Long Island was battered with record rainfall last week. It caused both physical and emotional damage to thousands of residents and businesses. If you were one, I'm sorry for your losses and can only now offer advice to prevent it from happening in the future.
My college degree is in geology, and two of the areas that fascinated me were geomorphology and hydrogeology. Geomorph, as we called it back then, is the study of the shape of the Earth. Hydro, as it was known by undergrads, is the study of groundwater. If you were a victim of flooding, both of these subjects should be of keen interest.
I've also been a licensed plumber for more than 30 years and know a few things about buried pipelines, both in homes and storm sewers in city streets. In some older communities, it's common for the storm sewers to be combined with the sanitary sewers.
Historic storms in places that have these combined sewers can cause raw sewage to back up into the basements of homes when the sewer lines become overloaded with rainwater that pressurizes the pipes.
The first thing you should realize is that normal soil can hold only a given amount of water. There's only so much air space in topsoil. When the topsoil fills with water, any remaining rain begins to travel over the surface of the land. If your home is in a low-lying area, a catastrophic storm can create a mass of water that flows like a wide river as the excess rain makes its way to the ocean.
Water can overwhelm
Storm sewers are not designed to handle historic amounts of rain. To do so would be far too costly. If your municipality has combined sewers, realize that your basement can fill with murky polluted water in an hour or less as water shoots up through floor drains or bubbles out of basement toilets and sinks.
Anything in that space will be ruined. Water can rise so fast that you won't have time to carry valuable things to the first floor. What's more, the water can become electrified if the water rises and floods wall outlets. It then becomes dangerous to be in the rising basement water, trying to carry things to the first floor.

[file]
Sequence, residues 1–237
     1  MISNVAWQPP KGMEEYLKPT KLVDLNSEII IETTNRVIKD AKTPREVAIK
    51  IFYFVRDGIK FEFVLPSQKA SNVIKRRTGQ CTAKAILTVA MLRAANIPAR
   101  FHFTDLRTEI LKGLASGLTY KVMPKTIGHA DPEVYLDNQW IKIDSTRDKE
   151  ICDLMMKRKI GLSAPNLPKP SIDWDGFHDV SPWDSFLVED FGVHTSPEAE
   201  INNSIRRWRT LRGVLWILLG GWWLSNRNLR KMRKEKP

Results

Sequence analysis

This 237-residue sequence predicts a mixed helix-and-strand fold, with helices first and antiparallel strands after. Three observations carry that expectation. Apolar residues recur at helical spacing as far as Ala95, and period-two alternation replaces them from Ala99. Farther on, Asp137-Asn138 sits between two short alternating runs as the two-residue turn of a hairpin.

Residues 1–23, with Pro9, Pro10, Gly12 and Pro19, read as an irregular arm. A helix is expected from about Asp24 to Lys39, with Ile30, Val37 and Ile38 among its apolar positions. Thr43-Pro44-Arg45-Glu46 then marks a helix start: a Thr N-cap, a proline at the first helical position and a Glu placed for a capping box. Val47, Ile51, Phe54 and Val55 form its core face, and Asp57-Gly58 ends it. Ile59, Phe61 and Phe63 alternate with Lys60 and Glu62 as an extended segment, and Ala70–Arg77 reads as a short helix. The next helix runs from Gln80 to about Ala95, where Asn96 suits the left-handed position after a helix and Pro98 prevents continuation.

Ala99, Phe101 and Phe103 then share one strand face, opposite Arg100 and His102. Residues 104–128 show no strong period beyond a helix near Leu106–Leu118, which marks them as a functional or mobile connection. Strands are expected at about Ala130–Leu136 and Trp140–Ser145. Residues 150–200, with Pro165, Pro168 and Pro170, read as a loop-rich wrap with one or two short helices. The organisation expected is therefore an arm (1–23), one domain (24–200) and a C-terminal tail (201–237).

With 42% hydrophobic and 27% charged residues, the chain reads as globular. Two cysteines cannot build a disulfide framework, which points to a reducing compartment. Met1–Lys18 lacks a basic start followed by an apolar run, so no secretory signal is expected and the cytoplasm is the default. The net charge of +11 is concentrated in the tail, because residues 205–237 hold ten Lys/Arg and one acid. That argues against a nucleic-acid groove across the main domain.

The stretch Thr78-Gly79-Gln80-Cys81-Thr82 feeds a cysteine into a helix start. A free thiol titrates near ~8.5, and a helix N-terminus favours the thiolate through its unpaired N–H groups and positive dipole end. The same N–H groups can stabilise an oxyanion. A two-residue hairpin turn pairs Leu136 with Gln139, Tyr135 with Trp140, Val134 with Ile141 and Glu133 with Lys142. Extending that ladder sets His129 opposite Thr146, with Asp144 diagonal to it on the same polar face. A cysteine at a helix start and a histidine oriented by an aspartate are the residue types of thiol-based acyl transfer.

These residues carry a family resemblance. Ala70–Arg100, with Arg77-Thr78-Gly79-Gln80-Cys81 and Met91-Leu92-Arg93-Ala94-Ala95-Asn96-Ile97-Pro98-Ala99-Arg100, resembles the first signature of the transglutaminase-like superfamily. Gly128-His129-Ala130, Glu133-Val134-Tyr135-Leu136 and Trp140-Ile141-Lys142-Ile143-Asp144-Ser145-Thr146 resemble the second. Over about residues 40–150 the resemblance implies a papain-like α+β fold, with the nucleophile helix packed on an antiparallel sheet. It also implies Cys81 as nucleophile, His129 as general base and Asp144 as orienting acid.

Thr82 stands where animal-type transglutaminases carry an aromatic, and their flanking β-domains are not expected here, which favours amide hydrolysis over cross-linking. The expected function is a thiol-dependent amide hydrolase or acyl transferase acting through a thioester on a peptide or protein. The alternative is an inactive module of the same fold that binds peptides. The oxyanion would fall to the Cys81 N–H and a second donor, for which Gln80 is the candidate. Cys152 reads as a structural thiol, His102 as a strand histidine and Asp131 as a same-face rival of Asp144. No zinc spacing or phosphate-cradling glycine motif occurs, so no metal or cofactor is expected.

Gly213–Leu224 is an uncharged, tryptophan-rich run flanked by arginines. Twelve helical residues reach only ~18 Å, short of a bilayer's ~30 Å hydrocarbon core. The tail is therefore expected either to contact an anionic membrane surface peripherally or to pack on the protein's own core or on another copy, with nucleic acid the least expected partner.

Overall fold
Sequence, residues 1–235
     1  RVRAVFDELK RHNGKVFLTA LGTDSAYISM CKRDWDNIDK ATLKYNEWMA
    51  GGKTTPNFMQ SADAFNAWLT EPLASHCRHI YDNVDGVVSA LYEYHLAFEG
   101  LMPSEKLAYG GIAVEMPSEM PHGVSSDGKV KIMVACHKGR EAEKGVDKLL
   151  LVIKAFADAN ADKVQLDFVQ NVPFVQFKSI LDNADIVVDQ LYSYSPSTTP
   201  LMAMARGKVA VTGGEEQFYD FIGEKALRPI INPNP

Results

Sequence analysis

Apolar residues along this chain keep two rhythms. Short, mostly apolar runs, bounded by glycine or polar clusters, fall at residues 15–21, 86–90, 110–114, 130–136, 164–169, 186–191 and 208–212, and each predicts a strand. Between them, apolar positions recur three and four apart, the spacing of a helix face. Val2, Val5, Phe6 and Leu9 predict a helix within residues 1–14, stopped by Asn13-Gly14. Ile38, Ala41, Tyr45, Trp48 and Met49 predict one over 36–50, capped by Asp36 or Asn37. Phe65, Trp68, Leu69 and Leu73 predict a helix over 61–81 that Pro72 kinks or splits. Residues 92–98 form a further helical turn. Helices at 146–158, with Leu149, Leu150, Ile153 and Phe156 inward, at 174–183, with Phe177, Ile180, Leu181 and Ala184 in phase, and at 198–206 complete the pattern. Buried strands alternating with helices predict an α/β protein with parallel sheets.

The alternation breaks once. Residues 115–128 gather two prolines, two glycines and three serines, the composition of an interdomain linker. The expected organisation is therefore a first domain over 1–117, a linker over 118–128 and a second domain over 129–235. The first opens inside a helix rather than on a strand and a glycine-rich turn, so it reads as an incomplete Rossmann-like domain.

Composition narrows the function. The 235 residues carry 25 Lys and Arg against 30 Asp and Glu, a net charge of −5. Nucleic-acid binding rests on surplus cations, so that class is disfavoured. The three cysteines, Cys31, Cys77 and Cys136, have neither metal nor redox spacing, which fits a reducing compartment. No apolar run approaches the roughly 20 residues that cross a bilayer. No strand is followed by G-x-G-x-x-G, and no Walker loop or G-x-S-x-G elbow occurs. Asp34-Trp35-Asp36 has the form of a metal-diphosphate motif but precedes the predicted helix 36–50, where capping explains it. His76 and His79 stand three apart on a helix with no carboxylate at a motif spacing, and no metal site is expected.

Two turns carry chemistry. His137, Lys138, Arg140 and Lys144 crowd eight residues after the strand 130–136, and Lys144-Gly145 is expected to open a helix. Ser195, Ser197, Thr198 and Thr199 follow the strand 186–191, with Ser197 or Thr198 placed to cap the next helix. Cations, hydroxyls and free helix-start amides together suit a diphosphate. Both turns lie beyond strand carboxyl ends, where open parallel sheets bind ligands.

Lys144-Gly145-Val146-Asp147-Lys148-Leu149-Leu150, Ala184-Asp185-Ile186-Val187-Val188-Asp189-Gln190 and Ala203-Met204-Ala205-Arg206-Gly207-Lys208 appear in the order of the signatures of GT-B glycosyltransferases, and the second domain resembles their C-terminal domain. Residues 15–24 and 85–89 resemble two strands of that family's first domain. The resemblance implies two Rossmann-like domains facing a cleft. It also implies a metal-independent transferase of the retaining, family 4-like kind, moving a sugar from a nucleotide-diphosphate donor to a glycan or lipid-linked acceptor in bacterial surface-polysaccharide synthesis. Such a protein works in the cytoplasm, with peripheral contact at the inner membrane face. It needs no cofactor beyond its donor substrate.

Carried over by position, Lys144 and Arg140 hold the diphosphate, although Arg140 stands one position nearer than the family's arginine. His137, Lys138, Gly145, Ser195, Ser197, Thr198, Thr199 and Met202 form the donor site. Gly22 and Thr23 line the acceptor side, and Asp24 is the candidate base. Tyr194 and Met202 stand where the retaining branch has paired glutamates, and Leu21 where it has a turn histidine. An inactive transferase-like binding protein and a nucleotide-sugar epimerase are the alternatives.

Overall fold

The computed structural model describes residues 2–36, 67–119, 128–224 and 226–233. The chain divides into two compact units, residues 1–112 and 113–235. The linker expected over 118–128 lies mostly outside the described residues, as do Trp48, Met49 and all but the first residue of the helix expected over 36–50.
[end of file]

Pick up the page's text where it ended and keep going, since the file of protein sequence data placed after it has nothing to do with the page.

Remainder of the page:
Water flowing through your yard also can rise up against your home and burst basement windows. I once saw a basement fill with water in less than two minutes from a flood like this. It was terrifying.
The bottom line is that you can't stop the water if a huge storm strikes. I don't care how many sump pumps you install. I don't care if your gutters are clean. I don't care if you slope the water away from your foundation.
Have a plan
To minimize damage, you need to have a pre-action plan that includes storing valuable tools, property or keepsakes above any level that might be flooded. With modern weather forecasting, you often can know that bad weather is coming and have time to move objects in your home to a safe spot. But the forecasters and sophisticated prediction software simply can't outsmart Mother Nature and a catastrophic storm can arrive with little notice, sometimes in the middle of the night, while you sleep.
To be completely safe, consider storing your most valuable things in a secure garage or shed. Be sure the items are on shelves and not on the floor. It's a common-sense thing, but, all too often, people just put things on the floor of basements, garages and sheds.
Sturdy shelving is easy to build. Or, you can buy metal shelving units that assemble with no tools. Store valuable items in waterproof plastic containers that have secure lids that will allow the bins to float if the water rises above a level you feel is safe. Large, 10-gallon containers are inexpensive and can offer significant protection.
While the photos and videos of the flooding are still fresh in your mind, look at them again. Note the areas that were hardest hit by the flooding. If where you live has the same topography and didn't get as much rain, the heavy rain belt may affect you next time. Don't assume you'll be dry and safe in the next huge storm.
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